Walter Holland

Down this hallway, my past: vacant lounges, family rooms, the familiar destinations
of loss. The tiny plastic upholstered chairs, the paucity of relatives, friends, parents,
harshest light. A monitor beeping, shades drawn, an emaciated arm, the rise and fall

of a bony chest, the tangled leads with tubes. So much of it, seen daily, knocking on
a patient's door, to give them treatment, help them turn in bed, feverish, soiled,
flailing legs shooting out combatively as they struggled, cried; the call button

useless even if I tried. Shouting for an aide, but none coming, to help me position them
frightened on their side — that smell of sweat and stench of skin; cool wetness of
armpits beside protruding ribs. No matter how much I percussed: resistance, moaning,

screaming, and when they coughed so little came freely. And how I'd wonder what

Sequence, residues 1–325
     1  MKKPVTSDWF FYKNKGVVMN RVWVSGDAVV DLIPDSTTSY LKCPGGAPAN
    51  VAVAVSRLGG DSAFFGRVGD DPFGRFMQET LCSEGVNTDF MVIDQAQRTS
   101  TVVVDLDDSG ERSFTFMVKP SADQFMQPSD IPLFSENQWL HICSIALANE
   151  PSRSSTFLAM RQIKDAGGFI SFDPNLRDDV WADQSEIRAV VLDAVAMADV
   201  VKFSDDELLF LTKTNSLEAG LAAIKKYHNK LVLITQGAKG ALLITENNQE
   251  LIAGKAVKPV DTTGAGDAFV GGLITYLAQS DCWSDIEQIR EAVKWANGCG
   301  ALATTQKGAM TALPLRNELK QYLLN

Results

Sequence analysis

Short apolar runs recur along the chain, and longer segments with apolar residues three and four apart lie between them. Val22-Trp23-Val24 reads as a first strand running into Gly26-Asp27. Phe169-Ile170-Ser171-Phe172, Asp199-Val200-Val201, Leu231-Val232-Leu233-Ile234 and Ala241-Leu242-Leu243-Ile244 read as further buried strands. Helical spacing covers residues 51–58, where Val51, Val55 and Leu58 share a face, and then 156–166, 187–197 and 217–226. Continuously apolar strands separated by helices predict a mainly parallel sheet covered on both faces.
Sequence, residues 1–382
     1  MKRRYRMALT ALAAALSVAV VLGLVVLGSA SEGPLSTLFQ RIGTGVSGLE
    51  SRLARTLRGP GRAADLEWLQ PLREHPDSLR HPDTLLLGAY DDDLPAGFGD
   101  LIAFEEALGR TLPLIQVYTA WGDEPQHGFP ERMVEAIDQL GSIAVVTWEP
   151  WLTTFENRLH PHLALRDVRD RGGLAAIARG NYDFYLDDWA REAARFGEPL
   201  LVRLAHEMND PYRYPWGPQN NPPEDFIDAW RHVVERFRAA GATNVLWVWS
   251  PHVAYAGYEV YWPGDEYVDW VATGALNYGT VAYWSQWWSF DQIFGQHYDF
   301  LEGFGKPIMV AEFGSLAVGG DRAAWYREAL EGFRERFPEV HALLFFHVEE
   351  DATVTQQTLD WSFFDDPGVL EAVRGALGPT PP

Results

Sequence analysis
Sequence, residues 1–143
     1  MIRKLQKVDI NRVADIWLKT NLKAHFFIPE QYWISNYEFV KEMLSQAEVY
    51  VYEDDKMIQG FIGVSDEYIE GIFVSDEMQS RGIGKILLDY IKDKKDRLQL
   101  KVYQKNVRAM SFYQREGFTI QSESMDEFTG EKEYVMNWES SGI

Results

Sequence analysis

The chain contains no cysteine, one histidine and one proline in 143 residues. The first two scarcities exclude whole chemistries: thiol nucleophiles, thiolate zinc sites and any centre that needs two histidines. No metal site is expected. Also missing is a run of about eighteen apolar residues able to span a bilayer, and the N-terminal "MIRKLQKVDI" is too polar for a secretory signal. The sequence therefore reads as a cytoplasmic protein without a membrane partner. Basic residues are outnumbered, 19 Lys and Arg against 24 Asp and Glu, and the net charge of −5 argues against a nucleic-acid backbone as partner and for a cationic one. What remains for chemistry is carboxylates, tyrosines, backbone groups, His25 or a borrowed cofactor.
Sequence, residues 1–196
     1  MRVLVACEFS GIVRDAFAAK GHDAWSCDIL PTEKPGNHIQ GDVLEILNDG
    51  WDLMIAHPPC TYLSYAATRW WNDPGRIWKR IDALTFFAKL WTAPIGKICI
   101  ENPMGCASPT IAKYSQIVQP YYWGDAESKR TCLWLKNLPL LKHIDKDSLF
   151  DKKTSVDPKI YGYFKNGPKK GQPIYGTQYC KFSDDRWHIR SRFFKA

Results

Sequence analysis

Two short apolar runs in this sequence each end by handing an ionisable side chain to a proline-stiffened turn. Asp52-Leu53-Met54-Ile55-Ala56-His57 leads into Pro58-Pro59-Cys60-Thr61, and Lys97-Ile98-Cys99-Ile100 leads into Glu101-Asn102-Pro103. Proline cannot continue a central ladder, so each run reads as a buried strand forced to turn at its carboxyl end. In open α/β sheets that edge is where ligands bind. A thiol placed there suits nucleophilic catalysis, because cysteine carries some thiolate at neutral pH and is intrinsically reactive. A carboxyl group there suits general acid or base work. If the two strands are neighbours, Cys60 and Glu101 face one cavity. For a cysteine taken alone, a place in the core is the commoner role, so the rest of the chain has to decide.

they'd looked like before, what handsome features had they shown? Childlike, hardy —
lovers to whom? Who'd touched or held or caressed them? Lying there cadaverous.

Novice on my first rotation, pretender to all–knowingness. Joking doctor,
harried nurse, gowns and latex gloves, afraid of a needle stick or spill. Invincible in
my filtered mask, invincible to falling ill — so I felt and so I went rushing through

my days. Filling forms, signing my name, recording each sign and symptom. One face
and then another, flared nostrils, sterile tube, weak battles that ensued — bleeding,
turning bright red. Scant secretions, only air. Vast, continuous assembly – line for those

irrevocably stricken; hearing myself routinely explain how suctioning ameliorates pain;
brings an ease to anxious breathing — red carts, ward after ward, "isolation" signs on
every door, reading charts page after page: "male homosexual, PCP, diagnosis: AIDS."